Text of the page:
Should visual communication be tailored to the cultural baggage of the end user?

Finally the attempt to answer the question: it depends, mainly for all the points stated in the answer linked above. But, in order not to leave the ending open, I did a little analysis with two cases.

We all know IKEA: a large global European company, established internationally, with an important visual presence based on the philosophy of the product and with immediate accessibility to the end user, among other points. IKEA (apparently) doesn't need to adapt its design to different cultures, it's large enough so that its final products are interpretable in any culture. This is the Japanese site and this is the UK site where the same design appears with subtle differences.

Muji, being also a global company, Japanese in this case, DOES have a different design for each country or continent. I think the reason is the origin of MUJI design is Japanese, so perhaps they have seen that its design should be re-adapted to the European and American habit. This is the MUJI site in Japan, this is MUJI USA and this is MUJI UK. In my opinion, a very exaggerated example where practically the only thing in common is the company logo. Opening the links in different tabs shows that even the favicon is different. And of course de usability and design.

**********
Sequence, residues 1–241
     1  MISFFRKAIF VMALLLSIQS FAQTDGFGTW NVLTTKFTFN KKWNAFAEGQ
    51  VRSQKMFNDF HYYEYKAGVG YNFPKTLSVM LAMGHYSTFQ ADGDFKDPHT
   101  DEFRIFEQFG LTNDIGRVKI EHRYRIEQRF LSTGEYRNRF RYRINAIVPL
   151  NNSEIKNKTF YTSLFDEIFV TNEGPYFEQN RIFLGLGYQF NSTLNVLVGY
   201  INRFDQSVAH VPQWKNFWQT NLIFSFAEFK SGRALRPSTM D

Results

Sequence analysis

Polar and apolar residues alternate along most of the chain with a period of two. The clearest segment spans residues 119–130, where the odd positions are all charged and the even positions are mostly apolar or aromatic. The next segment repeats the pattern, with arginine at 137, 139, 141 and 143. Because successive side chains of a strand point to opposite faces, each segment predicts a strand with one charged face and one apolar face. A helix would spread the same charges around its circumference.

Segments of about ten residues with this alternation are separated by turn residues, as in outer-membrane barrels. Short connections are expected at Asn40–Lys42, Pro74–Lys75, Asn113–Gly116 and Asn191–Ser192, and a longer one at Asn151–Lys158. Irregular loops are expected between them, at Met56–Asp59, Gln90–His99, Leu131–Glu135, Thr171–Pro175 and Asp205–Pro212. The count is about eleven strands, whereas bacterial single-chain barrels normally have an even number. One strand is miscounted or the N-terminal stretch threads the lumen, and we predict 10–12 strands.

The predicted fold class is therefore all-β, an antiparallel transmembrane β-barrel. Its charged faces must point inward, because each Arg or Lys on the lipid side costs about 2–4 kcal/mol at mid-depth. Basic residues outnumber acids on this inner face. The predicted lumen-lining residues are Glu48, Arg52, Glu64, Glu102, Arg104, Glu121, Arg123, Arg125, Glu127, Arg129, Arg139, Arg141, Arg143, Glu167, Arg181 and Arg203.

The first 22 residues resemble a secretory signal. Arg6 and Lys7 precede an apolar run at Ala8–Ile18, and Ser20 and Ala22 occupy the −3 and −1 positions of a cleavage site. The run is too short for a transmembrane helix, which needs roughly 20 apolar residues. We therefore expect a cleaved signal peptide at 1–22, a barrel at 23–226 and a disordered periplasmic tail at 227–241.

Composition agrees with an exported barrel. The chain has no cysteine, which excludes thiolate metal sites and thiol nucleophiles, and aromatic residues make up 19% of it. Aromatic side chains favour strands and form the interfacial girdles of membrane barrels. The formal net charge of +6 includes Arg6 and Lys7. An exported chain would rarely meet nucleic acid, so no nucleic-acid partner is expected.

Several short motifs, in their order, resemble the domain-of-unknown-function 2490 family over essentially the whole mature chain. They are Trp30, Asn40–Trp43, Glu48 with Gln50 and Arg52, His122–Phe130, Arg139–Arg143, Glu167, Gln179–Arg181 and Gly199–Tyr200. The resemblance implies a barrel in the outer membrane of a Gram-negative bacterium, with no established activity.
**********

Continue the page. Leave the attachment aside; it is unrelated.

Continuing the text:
That is why in my comment I refer to a middle ground, neither one extreme nor the other.

In terms of design, what can be useful is the following procedure:

  1. The design of the app is already done as I understand it, adapted to a western audience.
  2. Forget the final app for a day and design drafts taking into account ONLY East Asian users
  3. Once this is done, check both designs

I'm sure an optimal final solution will come from here.

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1. Should we have two different design styles based on geography?

If it's within your possibilities, YES, absolutely. Many global companies do this, and it's pretty much one of the basics of Universal UX (and by extension, Inclusive UX Design)